Perhaps we love rhubarb because it comes to us in Spring. After a long, hard winter, the insistent stalks of this hardy plant just burst from the ground like unfurling flags, heralding the coming summer.
I’ll take it.
The “Pie Plant”
The “pie plant” is the gift that keeps on giving, producing more fat stalks every year. It may look like celery and taste like the tartest lemon you’ve ever had, but boy oh boy, when you add some sugar, it suddenly sings a beautiful song.
For this bread, I was inspired by a photo. You probably saw it somewhere in your internet travels. Melissa Clark made a striking pound cake that was featured in the New York Times, with stalks of poached rhubarb arranged across the top. I thought, hey, I don’t need a rich cake, but I’ve got some ripe bananas and fresh blueberries.
And lots of rhubarb from the garden.
So I poached some rhubarb stalks to fit across the top of my loaf pan. Then I made a moist, lemon-spiked banana bread batter, and sprinkled in some blueberries. I topped it with the rhubarb stalks, and baked it. Once it came out of the oven, I thought it called out for a sprinkle of sparkly Turbinado sugar.
Since the rhubarb was just on top of the bread, I wanted more rhubarb. So, while it baked, I cooked up a quick compote of rhubarb with a splash of vanilla.
So easy, so delicious.
We gobbled it up for breakfast, lunch, and snacks.
Eat what’s in season, and you’ll be in harmony with the planet. It’s a pretty tasty way to live.
Want a few more rhubarb recipes?
Rhubarb Blueberry Banana Bread
- 8 ounces rhubarb stalks
- 1 cup organic sugar
- 1 cup water
- 2 cups white whole wheat flour
- 1 teaspoon baking soda
- 1/2 teaspoon salt
- 2 teaspoons fresh lemon zest
- 1 cup non-dairy milk
- 2 tablespoons fresh lemon juice
- 1 tablespoon ground flax
- 1 teaspoon vanilla
- 1/2 cup canola oil
- 2 medium ripe bananas mashed
- 1 cup fresh blueberries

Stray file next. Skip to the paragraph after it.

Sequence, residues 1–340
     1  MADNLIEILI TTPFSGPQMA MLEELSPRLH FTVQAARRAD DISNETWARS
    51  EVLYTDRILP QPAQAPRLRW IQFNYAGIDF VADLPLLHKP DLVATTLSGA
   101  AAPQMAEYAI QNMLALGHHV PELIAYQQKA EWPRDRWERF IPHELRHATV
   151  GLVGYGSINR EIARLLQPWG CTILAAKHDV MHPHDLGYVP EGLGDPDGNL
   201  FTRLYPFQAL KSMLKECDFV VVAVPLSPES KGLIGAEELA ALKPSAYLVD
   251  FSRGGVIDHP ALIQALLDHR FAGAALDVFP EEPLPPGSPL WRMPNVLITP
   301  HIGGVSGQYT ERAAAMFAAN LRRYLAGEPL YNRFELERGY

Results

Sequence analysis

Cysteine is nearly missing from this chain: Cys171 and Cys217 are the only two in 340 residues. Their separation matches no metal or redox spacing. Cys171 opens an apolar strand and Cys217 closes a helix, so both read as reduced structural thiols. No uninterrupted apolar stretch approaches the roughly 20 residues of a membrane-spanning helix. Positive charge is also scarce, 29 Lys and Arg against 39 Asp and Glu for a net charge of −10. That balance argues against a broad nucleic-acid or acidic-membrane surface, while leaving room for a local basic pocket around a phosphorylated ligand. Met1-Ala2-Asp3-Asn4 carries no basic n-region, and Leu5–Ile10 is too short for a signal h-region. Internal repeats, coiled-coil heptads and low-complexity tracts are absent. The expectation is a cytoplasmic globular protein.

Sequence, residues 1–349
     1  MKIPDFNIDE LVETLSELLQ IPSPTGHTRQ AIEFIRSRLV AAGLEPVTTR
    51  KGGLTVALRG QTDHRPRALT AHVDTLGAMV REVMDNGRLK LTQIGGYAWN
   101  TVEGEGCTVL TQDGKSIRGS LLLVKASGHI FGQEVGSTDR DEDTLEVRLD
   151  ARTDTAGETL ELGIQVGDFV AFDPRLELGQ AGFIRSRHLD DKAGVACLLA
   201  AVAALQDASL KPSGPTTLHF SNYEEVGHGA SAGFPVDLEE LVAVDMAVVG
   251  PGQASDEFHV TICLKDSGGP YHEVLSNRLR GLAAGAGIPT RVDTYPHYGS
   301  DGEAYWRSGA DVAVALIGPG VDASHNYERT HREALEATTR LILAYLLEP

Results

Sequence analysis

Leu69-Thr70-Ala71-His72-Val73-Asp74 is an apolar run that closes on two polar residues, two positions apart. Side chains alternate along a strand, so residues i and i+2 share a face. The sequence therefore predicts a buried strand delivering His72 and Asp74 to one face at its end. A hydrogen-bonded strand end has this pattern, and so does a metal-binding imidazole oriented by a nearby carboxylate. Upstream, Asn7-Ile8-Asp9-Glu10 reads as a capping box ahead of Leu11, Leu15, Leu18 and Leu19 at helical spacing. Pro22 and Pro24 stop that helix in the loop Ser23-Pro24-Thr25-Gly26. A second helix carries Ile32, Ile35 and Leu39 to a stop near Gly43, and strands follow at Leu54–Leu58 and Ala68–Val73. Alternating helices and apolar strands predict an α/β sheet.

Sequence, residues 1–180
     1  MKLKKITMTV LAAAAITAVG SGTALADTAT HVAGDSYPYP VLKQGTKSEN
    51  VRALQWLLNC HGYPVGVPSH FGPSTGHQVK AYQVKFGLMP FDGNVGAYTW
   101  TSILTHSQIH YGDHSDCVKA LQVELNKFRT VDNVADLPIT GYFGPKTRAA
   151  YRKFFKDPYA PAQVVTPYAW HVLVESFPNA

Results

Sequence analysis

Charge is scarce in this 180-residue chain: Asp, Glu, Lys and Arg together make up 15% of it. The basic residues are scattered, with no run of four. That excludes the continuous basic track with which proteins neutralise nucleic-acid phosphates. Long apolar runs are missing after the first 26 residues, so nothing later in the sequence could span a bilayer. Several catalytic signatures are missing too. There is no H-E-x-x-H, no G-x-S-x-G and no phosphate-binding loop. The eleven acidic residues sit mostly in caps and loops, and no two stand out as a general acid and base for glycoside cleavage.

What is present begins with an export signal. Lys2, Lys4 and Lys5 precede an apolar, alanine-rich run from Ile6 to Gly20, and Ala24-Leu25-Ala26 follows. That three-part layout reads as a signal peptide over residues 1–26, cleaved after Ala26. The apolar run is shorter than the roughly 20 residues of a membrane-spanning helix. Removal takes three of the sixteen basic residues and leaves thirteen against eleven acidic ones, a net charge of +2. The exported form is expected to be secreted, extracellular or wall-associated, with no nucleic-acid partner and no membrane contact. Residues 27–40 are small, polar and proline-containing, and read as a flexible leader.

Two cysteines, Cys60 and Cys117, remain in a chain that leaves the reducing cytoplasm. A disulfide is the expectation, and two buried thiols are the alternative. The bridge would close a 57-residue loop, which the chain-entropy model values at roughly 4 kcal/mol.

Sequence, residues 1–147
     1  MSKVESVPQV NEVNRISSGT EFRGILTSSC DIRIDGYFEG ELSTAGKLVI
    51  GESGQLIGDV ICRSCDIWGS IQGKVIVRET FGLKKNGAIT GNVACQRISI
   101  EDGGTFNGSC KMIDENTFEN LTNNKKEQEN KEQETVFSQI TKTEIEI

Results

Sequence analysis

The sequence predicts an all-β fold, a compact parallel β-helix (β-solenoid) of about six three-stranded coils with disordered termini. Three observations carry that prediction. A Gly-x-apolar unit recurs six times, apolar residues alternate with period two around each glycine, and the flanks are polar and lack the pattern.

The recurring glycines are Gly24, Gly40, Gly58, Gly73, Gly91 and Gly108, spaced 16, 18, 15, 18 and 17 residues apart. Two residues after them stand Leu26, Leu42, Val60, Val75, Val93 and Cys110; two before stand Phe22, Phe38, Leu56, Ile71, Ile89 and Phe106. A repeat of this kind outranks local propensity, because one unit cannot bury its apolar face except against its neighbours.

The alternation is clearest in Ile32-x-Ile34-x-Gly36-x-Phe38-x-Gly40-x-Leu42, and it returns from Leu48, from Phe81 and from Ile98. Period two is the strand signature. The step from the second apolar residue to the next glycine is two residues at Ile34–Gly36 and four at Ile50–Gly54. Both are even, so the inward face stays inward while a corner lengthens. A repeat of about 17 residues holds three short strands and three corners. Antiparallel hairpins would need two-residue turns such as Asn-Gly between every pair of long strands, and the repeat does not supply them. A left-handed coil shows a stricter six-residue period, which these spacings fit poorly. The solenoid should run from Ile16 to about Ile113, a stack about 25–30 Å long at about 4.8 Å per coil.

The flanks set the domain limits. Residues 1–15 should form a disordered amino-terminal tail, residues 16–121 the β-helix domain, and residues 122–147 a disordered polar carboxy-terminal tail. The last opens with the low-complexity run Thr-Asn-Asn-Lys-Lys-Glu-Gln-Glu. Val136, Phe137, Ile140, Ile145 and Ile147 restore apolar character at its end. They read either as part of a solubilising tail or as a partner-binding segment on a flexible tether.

- Turbinado sugar for sprinkling
- 1 pound rhubarb chopped
- 1 cup organic sugar
- 1/2 teaspoon vanilla
- First, combine the sugar and water and stir over medium heat until sugar is dissolved. Trim the rhubarb stalks into 5 inch lengths (to match the size of your loaf pan) and add them to the simmering syrup, cook for 1 minute, then take off the heat and let cool completely. Use a slotted spoon to remove the stalks carefully from the syrup, placing them on a plate. Reserve the syrup.
- Preheat the oven to 350 F. Line a 5 inch wide loaf pan with parchment paper, cut so that the paper hangs over the side to help you remove the loaf when done. Lightly oil the pan.
- In a large bowl, combine the flour, baking soda, salt, and lemon zest. Stir to combine.
- In a cup, stir the milk, lemon juice, flax and vanilla. Let stand for 5 minutes.
- Mash the banana in a small bowl. Stir the banana and the oil into the milk mixture, then stir that into the flour mixture. When just mixed, fold in the berries and scrape into the prepared pan. Smooth the top, then arrange the poached rhubarb stalks across the top. Press down lightly but leave the sticking up a bit so they can sink.
- Bake for 1 hour and 15 minutes, until a toothpick inserted in the center of the loaf comes out with no wet batter attached. Cool on a rack for 15, then use the paper to lift the loaf out and let it finish cooling. Sprinkle with Turbinado to cover. Slice in between the rhubarb stalks at serving.
- For compote, place rhubarb and sugar in a small saucepan and place over medium heat. Stir as the mixture gets juicy, and once it's soupy, bring to a boil and stir until the rhubarb is tender. Take off the heat and let cool.Serve over the bread.